What do kilt colors mean

What do kilt colors mean

Kilt Colors Mean

Well, the history of the kilt starts from the 16th century where the whole woolen piece of cloth was worn by the military people to defend from the enemy. With the passage of time, the tactical kilt started being worn by the general public of Scotland and Ireland.

The current form of the kilt has many designs, styles, colors and types. The young generation loves to wear modern kilts such as denim kilts, Great Kilt utility kilts, Gothic kilts, and other fashionable kilts while traditional lovers love tartan and Celtic kilts.

Plaid shops and kilts makers describe checkers as antique, modern, reproduction, weathered, and muted.

Repeated, weathered or muted colors are intended to mimic the effects of weathering. Red is “tomato soup” rather than “fire engine”. Green is olive green and blue is a French gray.

These tartans are often described as “weathered,” and although the effect is often very fine, the effect reproduced is not “weathered,” but quite the opposite.

Color refers to bright colors produced by modern chemical dyes. Blue is a deep royal blue, green is dark bottle green, and “red” is a deep fire engine red. These colors are generally considered to be a recent invention rather than rooted in ancient times.

Colors are supposed to copy the color values ​​of older organic colors (or at least not lab colors. The argument is that modern colors are not an accurate representation – again, I disagree). An attractive blush, green is closer to grass green, while red is an ugly orange that gets on my nerves.

A dress tartan is a term commonly used to describe a tartan woven in a way that the original background color (red in the case of the Royal Stewart) is replaced by white. It is a remnant of the “lucid” tartan, which throughout history was worn mainly by women.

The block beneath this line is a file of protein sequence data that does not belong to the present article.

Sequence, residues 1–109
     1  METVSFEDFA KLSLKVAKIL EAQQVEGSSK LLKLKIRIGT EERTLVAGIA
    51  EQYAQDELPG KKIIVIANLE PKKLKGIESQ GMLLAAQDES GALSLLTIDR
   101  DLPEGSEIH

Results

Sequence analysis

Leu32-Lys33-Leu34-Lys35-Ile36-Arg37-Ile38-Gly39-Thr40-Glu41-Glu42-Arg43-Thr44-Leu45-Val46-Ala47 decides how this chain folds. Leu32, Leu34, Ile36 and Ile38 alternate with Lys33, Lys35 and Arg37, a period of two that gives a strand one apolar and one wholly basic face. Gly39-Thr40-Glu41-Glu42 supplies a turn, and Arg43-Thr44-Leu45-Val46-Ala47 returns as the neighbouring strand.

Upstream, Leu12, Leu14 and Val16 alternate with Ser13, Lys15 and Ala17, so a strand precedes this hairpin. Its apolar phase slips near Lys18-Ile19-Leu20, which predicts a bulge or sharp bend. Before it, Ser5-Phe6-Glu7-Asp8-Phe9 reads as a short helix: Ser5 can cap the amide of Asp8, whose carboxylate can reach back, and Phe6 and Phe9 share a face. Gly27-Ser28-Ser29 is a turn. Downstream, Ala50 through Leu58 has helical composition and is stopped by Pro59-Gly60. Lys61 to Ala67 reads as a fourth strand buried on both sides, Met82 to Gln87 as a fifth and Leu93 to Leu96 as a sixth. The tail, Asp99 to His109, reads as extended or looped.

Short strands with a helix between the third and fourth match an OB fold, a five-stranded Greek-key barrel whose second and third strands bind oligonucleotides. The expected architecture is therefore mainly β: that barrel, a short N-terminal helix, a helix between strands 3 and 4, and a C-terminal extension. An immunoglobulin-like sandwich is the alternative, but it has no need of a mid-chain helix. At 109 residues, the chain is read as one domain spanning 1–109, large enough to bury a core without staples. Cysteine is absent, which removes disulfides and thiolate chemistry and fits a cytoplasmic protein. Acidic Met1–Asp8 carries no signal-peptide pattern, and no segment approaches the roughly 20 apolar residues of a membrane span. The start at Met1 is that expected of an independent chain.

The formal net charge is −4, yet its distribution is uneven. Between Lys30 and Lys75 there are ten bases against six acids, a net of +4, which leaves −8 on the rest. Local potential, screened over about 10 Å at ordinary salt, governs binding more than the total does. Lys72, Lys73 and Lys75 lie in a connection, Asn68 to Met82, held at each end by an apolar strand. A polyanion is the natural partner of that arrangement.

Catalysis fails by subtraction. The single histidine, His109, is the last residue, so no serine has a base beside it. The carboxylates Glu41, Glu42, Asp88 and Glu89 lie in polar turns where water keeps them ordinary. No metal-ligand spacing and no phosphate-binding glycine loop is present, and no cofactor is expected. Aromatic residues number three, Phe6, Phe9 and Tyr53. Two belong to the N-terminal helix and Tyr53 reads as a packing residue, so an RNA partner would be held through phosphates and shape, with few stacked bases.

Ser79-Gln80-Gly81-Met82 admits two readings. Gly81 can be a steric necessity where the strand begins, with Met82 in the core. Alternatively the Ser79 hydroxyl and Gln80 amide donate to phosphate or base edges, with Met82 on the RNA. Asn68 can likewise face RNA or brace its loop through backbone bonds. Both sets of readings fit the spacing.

All colors are very vivid, especially “red”.

All colors have deep meaning

According to Historic UK, weavers came across tartan designs by identifying the color of thread on a piece of wood known as checkered tartan.

Modern colors refer to the bright colors produced by modern chemical dyes.

Blue is a deep royal blue, ‘Green’ is a dark bottle-green,

Red is a rich fire-engine red, and so on.

These colors are generally regarded as a recent invention, not rooted in antiquity. I disagree, but you’ll read all about that later on this page.

Ancient colors are supposed to replicate the color values of the old organic dye pieces of stuff (or at least not dyes produced in a laboratory, the argument being that the modern dyes are not an accurate portrayal – and again.

Blue is a rather attractive robin’s egg, Green is close to grass-green, but Red is usually a nasty orange which sets my teeth on edge.

The notion of “Hunting kilts” is historically false – deer are color-blind. An outlaw would likely choose a muted plaid for reasons of concealment.

The non-descript cloth would be cheaper, too. But anyone who has had field experience knows how hard it is to see someone who wishes to remain hidden, regardless of the color of his clothes!

“Dress” tartan is usually the term used to describe tartans woven so that the principal background color (red, in the case of Royal Stuart) has been replaced with white. This is a survival of “Ari said” tartan, which historically was principally worn by women.

Some tartans are labeled as “Dress” tartans to distinguish them from their “Hunting” equivalent – particularly when the two are the same pattern woven with different colors.


The colors are obtained from the colors available to the weaver. The colors are taken from local flora and fauna. Coastal areas were predominantly green, while inland areas were predominantly brown, orange, and yellow. Some wealthy weavers imported exotic dyes made from madder, cochin, wood, and indigo.


What colors do tartans come in?

Tartan comes in the modern and ancient color schemes. the typical fading of colors from dark greens and blues and bright reds of the modern and the lighter green, pale blue, and orange of the ancient.

What colors did the Tartan Dyers wear?

The two colors that seem to have varied least were green and blue, the former usually being an olive shade whilst blue was often very dark navy.

What color is the tartan in the Black Watch?

The green, as in the Black Watch, is simply a lighter green.